Langer (Josephine Herbst) presents a detailed account of the 1988 murder of Ethiopian immigrant Mulugeta Scraw in Portland, OR. Three young skinheads with ties to the white racist moment were eventually arrested and sentenced for the crime. This case also led to a civil suit filed by Morris Dees's Southern Poverty Law Center against California racist Tom Metzger and his White Aryan Resistance (WAR) organization. Metzger was found to be partly responsible for encouraging the skinheads to kill Scraw, and the $12.5 million judgment severely hampered WAR's efforts to spread racist messages. The book's strongest feature is its portrayal of the young men and women drawn into the racist segment of the skinhead movement. Many were attracted by the violence, while others found that the racist message added meaning to lives hurt by drugs and broken homes. Langer uses interviews, trial transcripts, police records, newspaper accounts, and other sources to give us a detailed picture of this dark story. Langer's valuable and chilling view into the modern American racist movement is recommended for all libraries. [Previewed in Prepub Alert, LJ 5/1/03.]-Stephen L. Hupp, West Virginia Univ. Lib., Parkersburg (c) Copyright 2010. Library Journals LLC, a wholly owned subsidiary of Media Source, Inc. No redistribution permitted.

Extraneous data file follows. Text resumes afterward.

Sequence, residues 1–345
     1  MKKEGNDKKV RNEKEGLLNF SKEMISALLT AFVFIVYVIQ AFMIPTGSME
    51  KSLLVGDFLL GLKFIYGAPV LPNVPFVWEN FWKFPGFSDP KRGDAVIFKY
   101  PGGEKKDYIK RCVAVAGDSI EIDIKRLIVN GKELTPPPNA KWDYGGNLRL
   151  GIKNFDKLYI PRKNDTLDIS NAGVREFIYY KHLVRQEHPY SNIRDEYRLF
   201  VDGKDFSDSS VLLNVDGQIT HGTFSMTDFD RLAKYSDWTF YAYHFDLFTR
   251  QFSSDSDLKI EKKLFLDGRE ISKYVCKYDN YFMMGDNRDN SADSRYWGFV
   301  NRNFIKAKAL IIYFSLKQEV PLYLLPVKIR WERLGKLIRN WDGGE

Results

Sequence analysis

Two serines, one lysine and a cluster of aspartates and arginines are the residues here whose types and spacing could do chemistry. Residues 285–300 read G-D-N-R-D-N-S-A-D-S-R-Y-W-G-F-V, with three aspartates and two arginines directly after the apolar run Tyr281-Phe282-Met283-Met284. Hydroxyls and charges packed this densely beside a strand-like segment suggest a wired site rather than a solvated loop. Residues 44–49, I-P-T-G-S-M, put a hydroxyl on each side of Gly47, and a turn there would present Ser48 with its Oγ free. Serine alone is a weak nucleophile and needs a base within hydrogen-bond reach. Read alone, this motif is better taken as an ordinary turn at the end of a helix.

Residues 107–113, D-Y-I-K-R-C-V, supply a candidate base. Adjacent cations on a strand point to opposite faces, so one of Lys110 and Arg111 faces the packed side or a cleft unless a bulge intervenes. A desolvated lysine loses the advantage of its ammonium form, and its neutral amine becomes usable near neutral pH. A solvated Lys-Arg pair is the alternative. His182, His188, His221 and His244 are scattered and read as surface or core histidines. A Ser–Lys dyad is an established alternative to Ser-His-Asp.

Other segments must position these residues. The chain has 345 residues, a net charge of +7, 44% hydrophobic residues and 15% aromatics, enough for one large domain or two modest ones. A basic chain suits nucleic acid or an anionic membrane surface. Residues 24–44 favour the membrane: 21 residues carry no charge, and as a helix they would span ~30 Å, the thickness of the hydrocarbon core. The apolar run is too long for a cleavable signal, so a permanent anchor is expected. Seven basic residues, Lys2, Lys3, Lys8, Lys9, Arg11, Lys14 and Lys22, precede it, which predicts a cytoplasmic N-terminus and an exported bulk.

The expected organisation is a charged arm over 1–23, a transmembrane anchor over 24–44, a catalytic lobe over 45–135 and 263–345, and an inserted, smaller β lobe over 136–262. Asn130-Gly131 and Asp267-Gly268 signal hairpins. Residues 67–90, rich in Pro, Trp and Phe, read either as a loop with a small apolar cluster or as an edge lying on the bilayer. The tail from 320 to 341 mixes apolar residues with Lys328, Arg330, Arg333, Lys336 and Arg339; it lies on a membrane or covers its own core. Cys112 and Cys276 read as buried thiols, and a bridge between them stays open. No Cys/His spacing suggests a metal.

From A Hundred Little Hitlers : The home to which Kenneth Mieske returned the night of the killing is a low-ceilinged, pine-veneered basement he shares with Julie Belec in her mother and stepfather's house in a blue-collar area of southwest Portland. A collection of anti-black and antisemitic posters, leaflets, and fliers nearly covers one wall. Some, like the drawing of a microwave with the slogan "Jew Dwarfs! There is an oven in YOUR future," are standard issue in Ken and Julie's circle, but others reflect more of an individual search. On a table by the bed are a few well-thumbed books about their favorite Nazis-Mengele, his and Speer, hers. There is a swastika made of gum wrappers. Gory posters for Ken's own band, Machine, and the well-framed group photographs of East Side White Pride confirm that Ken and Julie are not outsiders to this world, children plastering their bedrooms with posters of stars they will never meet: they are members of it, they are in it, it is their world. Excerpted from A Hundred Little Hitlers: The Death of a Black Man, the Trial of a White Racist, and the Rise of the Neo-Nazi Movement in America by Elinor Langer All rights reserved by the original copyright owners. Excerpts are provided for display purposes only and may not be reproduced, reprinted or distributed without the written permission of the publisher.